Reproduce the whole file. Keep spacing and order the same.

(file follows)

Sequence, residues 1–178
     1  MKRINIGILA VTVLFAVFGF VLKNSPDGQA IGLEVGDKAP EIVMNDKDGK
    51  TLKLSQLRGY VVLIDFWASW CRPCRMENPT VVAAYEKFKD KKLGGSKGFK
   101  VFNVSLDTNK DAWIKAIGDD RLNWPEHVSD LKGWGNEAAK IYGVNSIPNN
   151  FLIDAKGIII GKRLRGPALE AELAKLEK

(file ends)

Sequence, residues 1–178
     1  MKRINIGILA VTVLFAVFGF VLKNSPDGQA IGLEVGDKAP EIVMNDKDGK
    51  TLKLSQLRGY VVLIDFWASW CRPCRMENPT VVAAYEKFKD KKLGGSKGFK
   101  VFNVSLDTNK DAWIKAIGDD RLNWPEHVSD LKGWGNEAAK IYGVNSIPNN
   151  FLIDAKGIII GKRLRGPALE AELAKLEK